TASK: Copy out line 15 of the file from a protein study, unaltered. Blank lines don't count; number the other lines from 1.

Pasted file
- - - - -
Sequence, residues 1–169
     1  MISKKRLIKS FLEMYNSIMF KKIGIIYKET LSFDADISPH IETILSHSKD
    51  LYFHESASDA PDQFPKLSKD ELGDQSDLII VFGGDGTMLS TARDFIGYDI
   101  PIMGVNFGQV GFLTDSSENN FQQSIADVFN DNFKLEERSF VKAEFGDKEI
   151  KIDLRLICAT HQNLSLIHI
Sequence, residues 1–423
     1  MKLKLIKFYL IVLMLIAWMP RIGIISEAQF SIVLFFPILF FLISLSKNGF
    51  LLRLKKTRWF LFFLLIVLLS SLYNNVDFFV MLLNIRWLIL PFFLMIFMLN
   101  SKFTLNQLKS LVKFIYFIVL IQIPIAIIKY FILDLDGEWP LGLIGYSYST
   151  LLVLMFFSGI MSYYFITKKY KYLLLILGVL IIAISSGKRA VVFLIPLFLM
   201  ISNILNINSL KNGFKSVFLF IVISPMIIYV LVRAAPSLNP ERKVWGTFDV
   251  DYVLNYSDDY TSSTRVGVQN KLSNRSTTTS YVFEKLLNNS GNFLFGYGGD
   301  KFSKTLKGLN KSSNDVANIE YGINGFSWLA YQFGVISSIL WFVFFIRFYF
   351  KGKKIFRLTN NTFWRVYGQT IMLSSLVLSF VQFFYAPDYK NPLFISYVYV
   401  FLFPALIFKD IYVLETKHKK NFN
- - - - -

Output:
   401  FLFPALIFKD IYVLETKHKK NFN